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The Art of the American Road Trip

Detours, Connections and New Perspectives Along a Dream Road Trip

In the summer of 2021, Russ and Cher Stamp of Port Townsend headed out on a cross-country road trip with no timetable and only a few points of interest in mind. Learn what they discovered on the trip.

Serenaded by a mother-daughter duo singing in arresting harmony, Russ and Cher Stamp sat on a bench and looked out on Lake Superior. Moored sailboats gently swayed in the water and a kayaker floated past. Seagulls flew overhead and the last bit of the day’s light cast a golden hue.

“If we were at home in our own stomping grounds, we might have just walked past and not thought about it,” Russ says.

But they weren’t home — the Port Townsend couple was four days into a nearly three-month roundtrip across the country. They decided to go to Grand Marais, Minnesota, a town of roughly 1,300 people perched on the north side of Lake Superior, after a friend recommended the spot.

The tiny dot on the map was about 250 miles from the nearest cross-country interstate, but detours like these were exactly the point. Although the couple had planned the road trip around Cher’s mother’s 90th birthday celebration in New York, they’d given themselves no other agenda. If they liked a place, they stayed longer. If they had an itch to explore, they got back in their 21-foot van and set off.

“It forced us to slow down and not be in this big hurry to get from point A to point B, to actually take things in and see them instead of this blur from 60 mph,” says Russ, 65.

So, they set out with only a few places in mind to visit in a 2019 Roadtrek ProMaster van that they’d bought two years prior.

The winding Cabot Trail next to the sea in Cape Breton, Nova Scotia
Along the Cabot Trail in Cape Breton, Nova Scotia. By Russ Stamp.

A Road Trip Without a Timeline

“It wasn’t much of a plan,” Russ says with a laugh. “I’d drive, she’d try to figure out where we were going to stay. We didn’t make a single campground reservation for the whole trip. We didn’t know where we’d be or when we’d be there.”

From the passenger seat, Cher used various apps to find campgrounds and RV hosts, decisions that steered their journey down some memorable paths. They stayed at an alpaca ranch in Montana, a berry farm in Connecticut and in the parking lot of a general store in Maine. A nice couple in Nova Scotia let the Stamps stay on their property, and the foursome ended up talking for hours. In the morning, the Canadian hosts made the Stamps cinnamon rolls, and Cher gifted them a piece of sea glass jewelry she had made.

“We were sitting there with complete strangers in their backyard. We just clicked,” says Cher, 68. “Stuff like that is really special. It’s hard not to think something has led you to that spot.”

Road-tripping, Russ says, has a way of changing your perspective with eyebrow-raising sites on the open road and pitstops at places too small for maps to notice. You witness every inch of your journey and can immerse yourself in the-in-between places. And for the Stamps, that lesson was the most apparent when it came to meeting new people.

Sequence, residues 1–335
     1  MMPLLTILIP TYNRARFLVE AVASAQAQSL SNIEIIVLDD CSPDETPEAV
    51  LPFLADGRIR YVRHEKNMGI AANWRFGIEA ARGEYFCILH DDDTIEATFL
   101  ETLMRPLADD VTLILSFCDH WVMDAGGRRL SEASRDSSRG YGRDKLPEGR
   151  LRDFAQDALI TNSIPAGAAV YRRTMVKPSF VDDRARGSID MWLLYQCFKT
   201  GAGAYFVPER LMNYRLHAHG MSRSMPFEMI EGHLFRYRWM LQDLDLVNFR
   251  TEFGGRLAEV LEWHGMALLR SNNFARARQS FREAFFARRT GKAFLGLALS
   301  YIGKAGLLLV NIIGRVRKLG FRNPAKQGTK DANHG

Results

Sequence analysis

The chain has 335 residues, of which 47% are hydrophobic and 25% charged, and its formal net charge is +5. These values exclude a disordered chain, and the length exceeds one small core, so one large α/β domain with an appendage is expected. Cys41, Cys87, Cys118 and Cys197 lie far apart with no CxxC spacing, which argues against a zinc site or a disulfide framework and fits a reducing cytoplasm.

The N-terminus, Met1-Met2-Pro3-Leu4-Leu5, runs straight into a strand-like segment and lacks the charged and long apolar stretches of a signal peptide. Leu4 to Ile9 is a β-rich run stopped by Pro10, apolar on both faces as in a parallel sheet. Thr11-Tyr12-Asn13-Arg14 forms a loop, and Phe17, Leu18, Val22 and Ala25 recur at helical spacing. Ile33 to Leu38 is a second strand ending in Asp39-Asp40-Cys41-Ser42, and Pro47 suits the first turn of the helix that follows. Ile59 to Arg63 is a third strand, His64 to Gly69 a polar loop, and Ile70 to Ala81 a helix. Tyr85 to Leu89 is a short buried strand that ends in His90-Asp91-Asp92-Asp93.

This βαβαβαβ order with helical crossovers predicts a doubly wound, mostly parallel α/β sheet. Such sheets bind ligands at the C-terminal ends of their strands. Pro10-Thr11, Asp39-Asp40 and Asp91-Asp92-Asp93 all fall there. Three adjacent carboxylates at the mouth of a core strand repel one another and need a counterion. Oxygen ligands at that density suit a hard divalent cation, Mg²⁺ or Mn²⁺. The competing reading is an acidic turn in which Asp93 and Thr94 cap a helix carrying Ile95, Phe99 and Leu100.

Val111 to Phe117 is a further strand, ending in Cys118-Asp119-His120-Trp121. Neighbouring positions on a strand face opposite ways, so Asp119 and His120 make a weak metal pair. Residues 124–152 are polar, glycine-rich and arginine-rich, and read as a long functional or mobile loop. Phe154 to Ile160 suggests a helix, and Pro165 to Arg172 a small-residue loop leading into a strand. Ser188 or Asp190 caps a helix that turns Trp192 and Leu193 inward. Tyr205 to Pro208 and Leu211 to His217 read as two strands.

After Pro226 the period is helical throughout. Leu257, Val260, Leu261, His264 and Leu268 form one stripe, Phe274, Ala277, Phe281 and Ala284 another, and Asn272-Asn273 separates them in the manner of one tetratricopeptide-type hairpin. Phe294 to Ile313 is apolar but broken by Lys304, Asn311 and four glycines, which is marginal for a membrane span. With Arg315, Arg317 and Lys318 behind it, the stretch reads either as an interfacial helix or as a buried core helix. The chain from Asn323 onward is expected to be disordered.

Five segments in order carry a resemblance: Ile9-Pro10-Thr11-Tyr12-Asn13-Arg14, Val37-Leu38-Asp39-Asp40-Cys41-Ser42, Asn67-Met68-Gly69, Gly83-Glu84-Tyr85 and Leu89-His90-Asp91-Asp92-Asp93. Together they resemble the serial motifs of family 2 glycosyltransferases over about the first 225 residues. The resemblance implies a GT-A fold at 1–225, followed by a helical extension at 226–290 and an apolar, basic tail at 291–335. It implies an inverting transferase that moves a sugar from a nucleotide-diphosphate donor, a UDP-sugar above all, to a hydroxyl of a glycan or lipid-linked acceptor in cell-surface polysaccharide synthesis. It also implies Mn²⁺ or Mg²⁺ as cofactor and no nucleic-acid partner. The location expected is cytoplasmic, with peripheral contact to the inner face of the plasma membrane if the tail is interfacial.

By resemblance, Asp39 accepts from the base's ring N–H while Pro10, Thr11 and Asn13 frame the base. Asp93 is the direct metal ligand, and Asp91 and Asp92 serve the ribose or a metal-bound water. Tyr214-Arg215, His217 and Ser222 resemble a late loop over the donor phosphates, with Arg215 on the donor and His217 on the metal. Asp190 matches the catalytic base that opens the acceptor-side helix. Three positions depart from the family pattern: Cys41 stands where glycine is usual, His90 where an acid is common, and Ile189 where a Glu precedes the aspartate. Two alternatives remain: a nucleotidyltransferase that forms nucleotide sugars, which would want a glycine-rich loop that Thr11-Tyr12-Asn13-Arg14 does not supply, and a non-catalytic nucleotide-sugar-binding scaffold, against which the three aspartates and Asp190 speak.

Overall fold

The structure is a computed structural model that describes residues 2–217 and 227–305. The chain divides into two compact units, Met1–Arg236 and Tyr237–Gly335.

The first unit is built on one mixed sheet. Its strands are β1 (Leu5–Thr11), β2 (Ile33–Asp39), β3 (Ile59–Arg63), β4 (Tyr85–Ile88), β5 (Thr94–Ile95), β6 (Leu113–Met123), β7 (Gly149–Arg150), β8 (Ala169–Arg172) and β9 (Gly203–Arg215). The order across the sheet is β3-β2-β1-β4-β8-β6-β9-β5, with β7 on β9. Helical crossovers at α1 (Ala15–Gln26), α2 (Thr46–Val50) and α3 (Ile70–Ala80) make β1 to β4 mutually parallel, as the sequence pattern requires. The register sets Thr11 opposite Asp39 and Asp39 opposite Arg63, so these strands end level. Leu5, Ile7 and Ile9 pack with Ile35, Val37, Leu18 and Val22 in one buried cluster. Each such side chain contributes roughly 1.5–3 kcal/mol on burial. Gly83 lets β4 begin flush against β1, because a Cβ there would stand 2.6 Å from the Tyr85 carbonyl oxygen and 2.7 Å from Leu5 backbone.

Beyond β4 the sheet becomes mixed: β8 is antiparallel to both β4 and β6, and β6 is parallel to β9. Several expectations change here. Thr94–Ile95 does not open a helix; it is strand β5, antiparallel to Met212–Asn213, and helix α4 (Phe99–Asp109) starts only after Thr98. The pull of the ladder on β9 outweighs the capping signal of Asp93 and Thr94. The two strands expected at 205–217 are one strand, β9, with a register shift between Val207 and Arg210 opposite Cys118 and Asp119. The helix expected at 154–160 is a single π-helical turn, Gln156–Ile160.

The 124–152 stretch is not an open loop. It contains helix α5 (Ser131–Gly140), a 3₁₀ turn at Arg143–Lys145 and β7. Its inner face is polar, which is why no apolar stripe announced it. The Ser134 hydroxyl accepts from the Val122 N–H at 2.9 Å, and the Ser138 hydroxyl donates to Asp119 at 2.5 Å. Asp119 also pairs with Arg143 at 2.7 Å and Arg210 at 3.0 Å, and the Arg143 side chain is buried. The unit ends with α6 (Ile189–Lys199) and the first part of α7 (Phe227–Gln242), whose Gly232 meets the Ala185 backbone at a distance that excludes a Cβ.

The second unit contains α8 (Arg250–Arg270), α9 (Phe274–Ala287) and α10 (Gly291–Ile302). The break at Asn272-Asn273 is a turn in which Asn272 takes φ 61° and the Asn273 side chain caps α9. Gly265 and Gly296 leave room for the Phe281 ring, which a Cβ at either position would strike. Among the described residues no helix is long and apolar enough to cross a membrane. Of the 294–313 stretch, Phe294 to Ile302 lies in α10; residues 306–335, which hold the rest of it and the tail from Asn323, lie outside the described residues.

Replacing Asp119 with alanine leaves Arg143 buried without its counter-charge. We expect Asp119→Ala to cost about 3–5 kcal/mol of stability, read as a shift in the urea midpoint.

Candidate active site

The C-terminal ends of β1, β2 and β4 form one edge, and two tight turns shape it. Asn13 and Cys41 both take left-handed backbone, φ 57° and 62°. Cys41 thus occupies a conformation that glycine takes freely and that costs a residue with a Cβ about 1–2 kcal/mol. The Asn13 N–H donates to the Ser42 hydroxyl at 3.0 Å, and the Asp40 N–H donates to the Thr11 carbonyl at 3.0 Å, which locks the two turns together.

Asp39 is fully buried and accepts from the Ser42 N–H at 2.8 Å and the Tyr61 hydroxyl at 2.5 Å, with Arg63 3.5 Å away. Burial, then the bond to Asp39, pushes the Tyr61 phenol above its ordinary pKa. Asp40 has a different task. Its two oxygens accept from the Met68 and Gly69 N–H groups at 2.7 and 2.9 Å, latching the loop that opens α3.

“It brought that barrier down that you might normally have,” Russ says. When encountering new people, he says that “sometimes, you feel like there’s an ulterior motive. It’s not something you focus on, but it’s always there until you get to know them a little bit. During our trip, it felt good just to know there’s good decent people everywhere.”

Russ and Cheryl Stamp at Acadia National Park
Russ and Cher Stamp at Acadia National Park.. Photo by Jordan Pond

Making Memories and Connections

Having spent most of his adult life in landlocked Colorado, Russ, who is a photographer of many years, says that seascapes are his recent muse.

Although he captured breathtaking cliffs in Acadia National Park, boat-filled harbors in Maine and colorful houses perched along the Atlantic Ocean in Nova Scotia, some of his favorite photos were taken when his Fuji mirrorless camera was tucked away. The iPhone photos capture special moments when Russ snapped a quick photo just to remember the feeling.

“They take me back to a particular spot,” he says. “To me, that’s what a great photo does. You can almost smell the smells.”

For Cher, the road trip also included a trip down memory lane. A video shown at her mother’s birthday party told the story of her family through nostalgic photos, and the couple made stops at two places Cher had lived when she was in her 20s, including a cottage in Cape Cod, Massachusetts. They stopped into Geddy’s, a pub in Bar Harbor, Maine, where she was one of the first female bartenders in the 70s.

In between their highlights, the couple found joy in the routine of their chore days, doing laundry, refilling their 30-gallon water tank and shopping for groceries. Even driving had its perks. From their bug-splattered windshield, the road stretched endlessly as the countryside changed before them. 

“This trip, it opened up my eyes to the beauty of the country,” Russ says. “When you fly from one place to another, you only see the destination. But when you take a road trip, you soak it all in. It’s how you discover things accidentally and make lasting memories.”

–Written by Emilie Gillespie.
–Top photo of Cher Stamp by Russ Stamp.

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